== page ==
I grew up in a creative environment - my dad a jazz musician with a big love for fancy dress, and my mother a Steiner school teaching assistant. At home, we were always doing something creative, and I learnt to sew and knit at an early age, on the sewing machine by the age of 10, and I started customising my own clothing from early teenage years.
The customisations began when I discovered my love for vintage clothing - a big part of 90's fashion. I would often alter stuff to fit, but also to give it individuality. Expressing myself through fashion came naturally to me, and soon I was taking orders for stuff! When I finished school I took a college course in art & design, followed by a pattern cutting course. I knew then, that I wanted to work in fashion, one way or another. At uni, I did Fine Art, mainly because I wanted the creative freedom, and a couple of years after graduating I opened the shop.

 

How would you describe the Bristol fashion scene right now?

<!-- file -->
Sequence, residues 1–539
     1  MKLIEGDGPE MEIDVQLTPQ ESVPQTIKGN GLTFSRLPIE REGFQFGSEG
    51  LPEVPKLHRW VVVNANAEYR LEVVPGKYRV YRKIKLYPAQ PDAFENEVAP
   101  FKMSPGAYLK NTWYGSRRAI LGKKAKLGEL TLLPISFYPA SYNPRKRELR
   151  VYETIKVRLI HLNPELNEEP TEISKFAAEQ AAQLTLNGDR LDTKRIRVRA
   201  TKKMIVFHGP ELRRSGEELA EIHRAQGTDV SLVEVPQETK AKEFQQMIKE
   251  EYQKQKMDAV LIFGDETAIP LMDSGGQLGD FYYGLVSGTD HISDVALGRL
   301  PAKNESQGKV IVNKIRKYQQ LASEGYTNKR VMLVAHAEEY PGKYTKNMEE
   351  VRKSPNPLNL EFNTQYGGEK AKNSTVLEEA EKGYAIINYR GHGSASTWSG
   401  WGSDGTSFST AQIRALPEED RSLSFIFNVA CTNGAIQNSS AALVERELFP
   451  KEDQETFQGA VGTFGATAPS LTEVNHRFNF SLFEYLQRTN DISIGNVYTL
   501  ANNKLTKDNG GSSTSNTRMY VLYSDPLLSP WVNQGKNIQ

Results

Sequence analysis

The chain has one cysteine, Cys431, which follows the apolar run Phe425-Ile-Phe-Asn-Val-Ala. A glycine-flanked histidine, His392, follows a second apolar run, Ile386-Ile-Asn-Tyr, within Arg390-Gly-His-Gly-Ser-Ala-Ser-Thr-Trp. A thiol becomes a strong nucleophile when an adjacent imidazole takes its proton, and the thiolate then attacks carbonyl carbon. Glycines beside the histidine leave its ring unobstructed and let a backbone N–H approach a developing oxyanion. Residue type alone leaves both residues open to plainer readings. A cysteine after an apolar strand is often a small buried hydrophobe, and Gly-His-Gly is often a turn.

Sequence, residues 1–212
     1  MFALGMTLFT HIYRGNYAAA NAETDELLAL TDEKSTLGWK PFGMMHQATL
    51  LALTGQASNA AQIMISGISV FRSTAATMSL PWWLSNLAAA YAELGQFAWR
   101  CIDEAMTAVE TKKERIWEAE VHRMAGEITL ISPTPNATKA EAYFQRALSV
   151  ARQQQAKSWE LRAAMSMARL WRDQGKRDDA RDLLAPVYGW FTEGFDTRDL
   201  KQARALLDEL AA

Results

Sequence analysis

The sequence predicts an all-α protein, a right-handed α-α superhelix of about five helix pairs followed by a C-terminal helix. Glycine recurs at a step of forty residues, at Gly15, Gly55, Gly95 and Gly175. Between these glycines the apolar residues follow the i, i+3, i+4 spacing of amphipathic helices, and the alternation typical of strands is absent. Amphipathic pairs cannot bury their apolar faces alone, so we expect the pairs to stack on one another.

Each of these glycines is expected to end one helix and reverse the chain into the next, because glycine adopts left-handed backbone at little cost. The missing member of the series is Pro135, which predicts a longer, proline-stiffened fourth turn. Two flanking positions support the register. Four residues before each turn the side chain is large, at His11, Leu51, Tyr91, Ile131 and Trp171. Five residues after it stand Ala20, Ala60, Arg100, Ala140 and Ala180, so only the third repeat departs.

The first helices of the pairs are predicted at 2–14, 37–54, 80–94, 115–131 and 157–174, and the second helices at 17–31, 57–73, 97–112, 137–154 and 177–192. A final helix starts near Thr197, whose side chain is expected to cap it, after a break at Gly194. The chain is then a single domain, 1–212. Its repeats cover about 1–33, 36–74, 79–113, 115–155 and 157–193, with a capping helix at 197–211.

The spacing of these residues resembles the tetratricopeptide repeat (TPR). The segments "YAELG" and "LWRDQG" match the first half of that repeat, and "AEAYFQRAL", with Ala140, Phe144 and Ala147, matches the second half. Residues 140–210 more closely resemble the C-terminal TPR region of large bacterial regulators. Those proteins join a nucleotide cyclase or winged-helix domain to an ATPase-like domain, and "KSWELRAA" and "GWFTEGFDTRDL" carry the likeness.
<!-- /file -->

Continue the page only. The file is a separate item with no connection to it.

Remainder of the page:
There are more independent fashion stores than ever, and we're seeing an increase in sustainable creativity and a surge in vintage too. One thing I've always admired about Bristol -as an alternative fashion capital of the UK- is the colour and pattern you will see around you! I feel like people can express themselves in Bristol, and it's generally a more colourful scene than other big UK cities. Having said that, I feel like Bristol has segments of different fashion pulses going on, and whilst the independent scene might seem like it's booming, I'm not sure it's surviving under the current economic strains we are all feeling, in competition with the high street stores that sadly seem largely favoured here.

 

Have you seen perceptions change of sustainable & slow fashion?

As someone who've been pushing local designers and vintage clothing for over 10years, I definitely feel that people are more open and receptive to the idea of second hand or repurposed materials now. And to have been part of the change in perception is great! I feel like we are reaching a time where it's not just socially acceptable to shout about wearing second-hand but also finally fashionable in its own right!

 

What do you in your day to day life to help impact the environment positively? Any sustainable tips for our readers?